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Why the Parent Plus Loan is not recommended by Financial Advisors
Financial Advisors who have not been informed about of all the complexities in the Parent Plus Loan program have hesitated to recommend it as a way to pay for college. There are three important reasons for their reluctance:
- A loan given without any consideration given to income, assets, or income-to-debt ratio is going to hurt a lot of families. Even the worst of our subprime lenders prior to the 2008 crash set higher standards in their lending practices.
- A lender who allows a borrower with a sub-par credit score to borrow up to the full cost of attendance for college these days is viewed as very irresponsible.
- A loan at over 7% interest with a 4.3% origination fee is certainly not a very good deal.
Why the Parent Plus Loan can be a very smart loan for some families
There are some little-known provisions that have been created by policy makers which allow some borrowers to pay back only a very small portion of their Parent Plus loans. Some families will never have to make a single payment.
How does this work?
Since July 1, 2006 Parent Plus Loans, if consolidated, can be paid back under the Income Contingency Repayment program (ICR). This requires payments of up to 20% of discretionary income with the loan completely forgiven in as little as ten years under the Public Service Loan Forgiveness program (PSLF) and in twenty-five years for other families. Though you will be required to pay taxes on the amount forgiven after 25 years, the tax hit does not apply to forgiveness under PSLF.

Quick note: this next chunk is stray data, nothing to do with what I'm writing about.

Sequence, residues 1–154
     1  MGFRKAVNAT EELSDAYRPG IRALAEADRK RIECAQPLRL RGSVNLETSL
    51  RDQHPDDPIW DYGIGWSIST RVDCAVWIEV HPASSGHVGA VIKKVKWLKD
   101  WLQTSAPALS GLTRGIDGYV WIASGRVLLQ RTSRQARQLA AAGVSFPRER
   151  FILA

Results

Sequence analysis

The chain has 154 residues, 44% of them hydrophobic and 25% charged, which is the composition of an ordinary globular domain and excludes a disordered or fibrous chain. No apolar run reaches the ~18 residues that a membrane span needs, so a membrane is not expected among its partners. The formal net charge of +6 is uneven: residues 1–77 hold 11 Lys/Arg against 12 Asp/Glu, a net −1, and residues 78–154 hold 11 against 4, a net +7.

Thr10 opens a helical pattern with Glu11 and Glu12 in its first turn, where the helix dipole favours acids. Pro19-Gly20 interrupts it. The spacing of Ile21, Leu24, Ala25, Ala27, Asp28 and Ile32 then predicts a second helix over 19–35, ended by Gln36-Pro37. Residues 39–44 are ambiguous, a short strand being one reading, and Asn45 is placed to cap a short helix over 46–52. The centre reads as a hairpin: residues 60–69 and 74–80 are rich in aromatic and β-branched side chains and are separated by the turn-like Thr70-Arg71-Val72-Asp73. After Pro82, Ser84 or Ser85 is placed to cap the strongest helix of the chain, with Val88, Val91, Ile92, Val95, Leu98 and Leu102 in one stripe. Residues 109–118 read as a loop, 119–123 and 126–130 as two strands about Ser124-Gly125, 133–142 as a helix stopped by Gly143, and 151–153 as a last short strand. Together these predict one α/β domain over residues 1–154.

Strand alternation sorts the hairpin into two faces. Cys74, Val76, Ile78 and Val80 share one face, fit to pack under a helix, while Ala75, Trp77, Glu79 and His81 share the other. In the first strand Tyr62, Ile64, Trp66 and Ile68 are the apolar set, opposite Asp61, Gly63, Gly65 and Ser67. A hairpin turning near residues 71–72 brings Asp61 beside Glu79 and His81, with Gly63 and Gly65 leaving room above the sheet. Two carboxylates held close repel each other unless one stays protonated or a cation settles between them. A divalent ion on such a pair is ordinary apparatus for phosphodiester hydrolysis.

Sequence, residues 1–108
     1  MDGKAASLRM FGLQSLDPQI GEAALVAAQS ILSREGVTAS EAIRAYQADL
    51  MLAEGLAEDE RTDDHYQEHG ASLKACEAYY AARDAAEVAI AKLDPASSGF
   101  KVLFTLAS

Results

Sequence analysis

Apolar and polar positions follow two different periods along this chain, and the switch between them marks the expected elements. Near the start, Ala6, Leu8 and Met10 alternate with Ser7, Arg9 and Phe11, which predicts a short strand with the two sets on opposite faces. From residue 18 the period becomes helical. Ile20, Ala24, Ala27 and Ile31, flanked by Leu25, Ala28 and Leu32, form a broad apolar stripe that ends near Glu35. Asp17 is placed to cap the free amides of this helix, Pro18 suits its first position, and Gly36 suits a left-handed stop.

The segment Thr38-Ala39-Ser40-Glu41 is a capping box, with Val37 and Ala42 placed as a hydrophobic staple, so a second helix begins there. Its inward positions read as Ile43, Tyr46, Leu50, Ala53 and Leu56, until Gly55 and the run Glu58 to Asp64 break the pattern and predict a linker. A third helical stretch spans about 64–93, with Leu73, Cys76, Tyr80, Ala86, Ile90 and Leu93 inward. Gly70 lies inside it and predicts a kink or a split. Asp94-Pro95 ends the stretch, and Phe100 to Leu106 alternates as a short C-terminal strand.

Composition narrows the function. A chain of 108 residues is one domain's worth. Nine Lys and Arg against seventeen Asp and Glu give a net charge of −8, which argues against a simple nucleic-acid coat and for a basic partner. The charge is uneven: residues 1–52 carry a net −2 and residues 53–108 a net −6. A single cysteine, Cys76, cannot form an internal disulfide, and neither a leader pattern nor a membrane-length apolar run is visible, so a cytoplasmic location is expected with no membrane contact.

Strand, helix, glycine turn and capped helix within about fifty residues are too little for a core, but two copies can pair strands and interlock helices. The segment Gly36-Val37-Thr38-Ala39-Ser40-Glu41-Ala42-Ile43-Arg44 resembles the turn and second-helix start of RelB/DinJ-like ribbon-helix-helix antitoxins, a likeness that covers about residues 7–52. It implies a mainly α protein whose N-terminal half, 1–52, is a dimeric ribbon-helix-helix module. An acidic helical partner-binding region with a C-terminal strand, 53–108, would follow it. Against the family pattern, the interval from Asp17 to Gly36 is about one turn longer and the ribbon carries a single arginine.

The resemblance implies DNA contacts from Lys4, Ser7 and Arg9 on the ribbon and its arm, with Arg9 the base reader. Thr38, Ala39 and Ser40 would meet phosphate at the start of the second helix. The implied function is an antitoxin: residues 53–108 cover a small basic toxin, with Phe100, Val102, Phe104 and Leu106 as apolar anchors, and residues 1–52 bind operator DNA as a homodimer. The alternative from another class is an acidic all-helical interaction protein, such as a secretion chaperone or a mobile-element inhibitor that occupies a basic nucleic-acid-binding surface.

Though some parents may be aware of ICR, here’s what 95% of parents don’t know— that’s how the government defines discretionary income. When all the kids are finally out of college, the closer you are to retirement, the more you may be able to benefit from these little-known exclusions:
The portion of income that is equal to the current federal poverty guideline is excluded to determine discretionary income
For a couple, this currently amounts to a $16,910 deduction from their Adjusted Gross Income
Untaxed income is also excluded
Families with Roth IRAs, untaxed social security benefits, cash value in permanent life insurance, and other accounts in which tax has already been paid, will have to pay very little back on their consolidated Parent Plus Loans.
You only need to include one parent’s discretionary income to determine your payments
This provision actually can get many families off the hook on ever paying back their Parent Plus loans. However, this must be the same parent who signed for the Parent Plus Loan.
The loan can be discharged because of death or permanent disability
The loan is discharged if the parent signing for the loan dies or is permanently disabled. As of January 1, 2019, there is also no tax that has to be paid on the amount discharged.
A Word of Warning
Don’t run out and get a Parent Plus Loan without having a consultation with one of our financial advisors or without doing your own due diligence. Even though the government may not care about your income-to-debt ratio, other creditors do care about it. Taking out a Parent Plus Loan will still affect that ratio and, in turn, affect your credit rating.
Also remember that the rules can change. Even though you may be grandfathered in under the current rules from the time of your first disbursement, the rules may change by the time you need to borrow again for your kids who are going to college down the road.
Finally, since mistakes can be very expensive, we recommend that parents planning on borrowing $100,000 or more consider working with a Federal Loan Consultant that will help them through the entire process.
Clients, considering using the Parent Plus Loan to pay for college, should contact their Client Service Manager for further discussion